[0024] In order to shift the isoelectric point toward the acidic side, known methods of chemical modification for increasing the negative electric charges on collagen molecules may be used, as exemplified by succination (see Unexamined Published Japanese Patent Application (kokai) No. 28947/1980). Another method that can be used is the above-described solubilization with alkali.

[0025] In order to shift the isoelectric point toward the alkali side, known methods of chemical modification for increasing the positive electric charges on collagen molecules may be used, as exemplified by esterification (see Unexamined Published Japanese Patent Application (kokai) No. 27192/1996) and amidation. The skilled artisan may choose an appropriate method of chemical modification in accordance with the type of the water-soluble collagen feed used and perform routine simple tests to prepare collagen having the desired isoelectric point.

[0026] When the collagen thus adjusted to have the desired isoelectric point is incorporated in a cosmetic, the collagen molecules undergo isoelectric precipitation to form an association product, which eventually increases the thermal denaturation temperature of the cosmetic.

[0027] Collagen may be incorporated into cosmetics by either one of the following methods: a collagen solution having the desired isoelectric point is added to an aqueous solution adjusted to have a pH equal to the isoelectric point of collagen, whereupon the collagen molecules undergo isoelectric precipitation to form an association product, which is dispersed uniformly in a medium and incorporated into a cosmetic of interest; alternatively, the collagen solution having the desired isoelectric point is incorporated as such into a cosmetic, whereupon the collagen molecules undergo isoelectric precipitation to form an association product which is subsequently dispersed uniformly. Any method of dispersing known in the art may be employed and a preferred method is a mechanical one using a homogenizer or the like.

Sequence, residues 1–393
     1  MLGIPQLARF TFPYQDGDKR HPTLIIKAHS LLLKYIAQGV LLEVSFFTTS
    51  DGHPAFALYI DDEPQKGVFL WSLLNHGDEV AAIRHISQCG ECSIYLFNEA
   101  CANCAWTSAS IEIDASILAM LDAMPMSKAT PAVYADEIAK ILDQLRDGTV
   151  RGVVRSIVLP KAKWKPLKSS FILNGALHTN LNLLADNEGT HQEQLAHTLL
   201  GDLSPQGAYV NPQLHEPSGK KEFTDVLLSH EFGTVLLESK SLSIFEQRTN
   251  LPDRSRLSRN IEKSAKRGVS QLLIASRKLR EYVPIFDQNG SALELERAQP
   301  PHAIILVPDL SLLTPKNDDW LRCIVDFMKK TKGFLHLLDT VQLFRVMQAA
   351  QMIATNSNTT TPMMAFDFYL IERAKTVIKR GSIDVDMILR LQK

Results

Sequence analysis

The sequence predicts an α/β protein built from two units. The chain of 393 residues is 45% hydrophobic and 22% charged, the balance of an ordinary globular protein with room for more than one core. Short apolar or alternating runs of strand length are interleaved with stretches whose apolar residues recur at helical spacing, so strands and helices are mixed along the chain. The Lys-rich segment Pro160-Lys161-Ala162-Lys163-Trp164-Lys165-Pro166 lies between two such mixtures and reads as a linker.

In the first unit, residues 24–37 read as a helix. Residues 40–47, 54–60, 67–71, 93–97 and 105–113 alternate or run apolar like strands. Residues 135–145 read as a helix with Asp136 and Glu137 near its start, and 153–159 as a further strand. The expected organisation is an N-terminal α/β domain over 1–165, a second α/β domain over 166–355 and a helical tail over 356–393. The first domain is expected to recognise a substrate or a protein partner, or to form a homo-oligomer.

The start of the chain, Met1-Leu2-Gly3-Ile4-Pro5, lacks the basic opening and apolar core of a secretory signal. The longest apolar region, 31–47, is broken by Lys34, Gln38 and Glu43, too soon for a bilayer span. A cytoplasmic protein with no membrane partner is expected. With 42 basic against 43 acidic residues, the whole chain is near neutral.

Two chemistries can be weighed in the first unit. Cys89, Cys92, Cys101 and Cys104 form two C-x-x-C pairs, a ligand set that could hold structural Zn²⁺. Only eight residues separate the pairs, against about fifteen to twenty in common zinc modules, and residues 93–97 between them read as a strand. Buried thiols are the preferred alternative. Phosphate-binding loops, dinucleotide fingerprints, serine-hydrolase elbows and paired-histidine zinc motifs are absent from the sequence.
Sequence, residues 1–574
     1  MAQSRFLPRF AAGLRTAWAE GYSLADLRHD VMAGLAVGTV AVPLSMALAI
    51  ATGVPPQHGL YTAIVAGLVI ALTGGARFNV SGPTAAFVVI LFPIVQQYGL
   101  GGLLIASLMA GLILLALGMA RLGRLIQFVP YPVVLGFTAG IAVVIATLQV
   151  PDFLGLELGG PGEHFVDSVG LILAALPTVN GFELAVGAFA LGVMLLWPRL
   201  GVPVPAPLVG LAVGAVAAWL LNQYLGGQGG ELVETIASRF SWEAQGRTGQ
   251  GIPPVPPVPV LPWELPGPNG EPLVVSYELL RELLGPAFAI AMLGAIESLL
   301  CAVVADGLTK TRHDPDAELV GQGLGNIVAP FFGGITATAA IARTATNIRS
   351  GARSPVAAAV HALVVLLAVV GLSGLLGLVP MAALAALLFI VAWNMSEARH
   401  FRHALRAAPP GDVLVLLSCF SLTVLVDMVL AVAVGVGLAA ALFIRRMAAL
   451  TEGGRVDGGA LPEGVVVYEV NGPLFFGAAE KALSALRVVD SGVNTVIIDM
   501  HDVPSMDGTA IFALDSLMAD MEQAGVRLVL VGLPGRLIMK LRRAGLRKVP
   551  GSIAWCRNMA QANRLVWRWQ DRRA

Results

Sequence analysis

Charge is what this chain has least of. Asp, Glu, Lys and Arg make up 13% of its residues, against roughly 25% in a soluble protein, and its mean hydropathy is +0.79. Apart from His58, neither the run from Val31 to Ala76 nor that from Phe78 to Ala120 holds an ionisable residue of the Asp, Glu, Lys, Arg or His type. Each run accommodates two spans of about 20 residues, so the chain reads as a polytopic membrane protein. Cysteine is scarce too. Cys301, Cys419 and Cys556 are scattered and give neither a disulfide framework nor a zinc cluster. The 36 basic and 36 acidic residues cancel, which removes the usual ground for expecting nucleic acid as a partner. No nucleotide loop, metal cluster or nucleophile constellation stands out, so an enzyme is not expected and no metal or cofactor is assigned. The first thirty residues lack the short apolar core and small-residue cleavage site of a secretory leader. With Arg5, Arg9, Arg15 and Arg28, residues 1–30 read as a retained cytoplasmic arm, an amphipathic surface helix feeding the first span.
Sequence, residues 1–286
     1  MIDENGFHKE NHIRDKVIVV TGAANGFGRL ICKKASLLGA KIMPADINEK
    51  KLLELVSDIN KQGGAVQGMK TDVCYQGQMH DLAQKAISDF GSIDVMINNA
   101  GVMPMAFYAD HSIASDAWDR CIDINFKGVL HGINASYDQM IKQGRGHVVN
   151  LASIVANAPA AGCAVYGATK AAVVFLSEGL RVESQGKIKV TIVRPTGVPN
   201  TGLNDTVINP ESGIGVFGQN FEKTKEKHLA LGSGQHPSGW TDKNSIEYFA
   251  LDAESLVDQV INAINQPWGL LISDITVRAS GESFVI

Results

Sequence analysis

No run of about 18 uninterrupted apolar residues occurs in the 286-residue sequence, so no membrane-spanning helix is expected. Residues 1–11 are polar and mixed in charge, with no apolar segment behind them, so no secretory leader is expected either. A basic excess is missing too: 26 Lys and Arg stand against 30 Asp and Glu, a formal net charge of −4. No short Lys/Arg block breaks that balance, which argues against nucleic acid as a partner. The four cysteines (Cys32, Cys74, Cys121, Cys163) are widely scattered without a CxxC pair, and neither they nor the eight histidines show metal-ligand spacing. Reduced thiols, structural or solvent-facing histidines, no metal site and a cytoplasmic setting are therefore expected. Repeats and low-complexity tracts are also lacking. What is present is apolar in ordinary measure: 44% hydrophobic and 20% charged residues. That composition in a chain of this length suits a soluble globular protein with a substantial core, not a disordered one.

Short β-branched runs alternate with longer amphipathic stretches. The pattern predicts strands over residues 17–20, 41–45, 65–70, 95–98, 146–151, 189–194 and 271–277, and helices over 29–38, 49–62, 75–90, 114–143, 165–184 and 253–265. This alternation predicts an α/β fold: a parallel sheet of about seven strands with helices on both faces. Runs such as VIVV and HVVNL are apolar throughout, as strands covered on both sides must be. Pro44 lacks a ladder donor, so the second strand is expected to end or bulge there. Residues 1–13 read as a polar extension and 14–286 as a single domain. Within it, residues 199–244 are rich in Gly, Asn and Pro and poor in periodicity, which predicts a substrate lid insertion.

[0028] The collagen association product according to one aspect of the invention may be incorporated in cosmetics in any amounts as long as cosmetic preparations are obtained. To give guide figures, the association product as calculated for collagen's dry weight may be incorporated in amounts of 0.01-2%, preferably 0.1-1.5%, more preferably 0.5-1.0%, of cosmetic's weight, although these ranges are variable with the type of cosmetics.

[0029] Besides the collagen association product, the cosmetic according to the second aspect of the invention may contain other additives as appropriate for its specific form; examples are preservatives such as paraoxybenzoate esters (parabens), metal sequestrants such as a sodium salt of ethylenediaminetetraacetic acid (EDTA) and polymeric thickening agents such as gums which are polysaccharide based natural polymers.

[0030] The cosmetic according to the second aspect of the invention may take all forms that are available in the conventional collagen-incorporating cosmetics, as exemplified by lotions, creams, emulsion, jellies and essences.

EXAMPLES

[0031] The following examples are provided for the purpose of further illustrating the present invention. It should, however, be noted that the conditions set forth in the examples are in no way to be taken as limiting the invention and that the skilled artisan will understand that various improvements and modification of the methods described below may be made without departing from the spirit and scope of the invention.

[0032] In the examples that follow, all percentages that represent the amounts of various ingredients are on a weight basis unless otherwise indicated.

Example 1

[0033] Insoluble Collagen Fibers as a Feed

[0034] The corium layer of an adult cattle hide was ground with a mincer or the like, degreased and washed thoroughly to prepare a feed.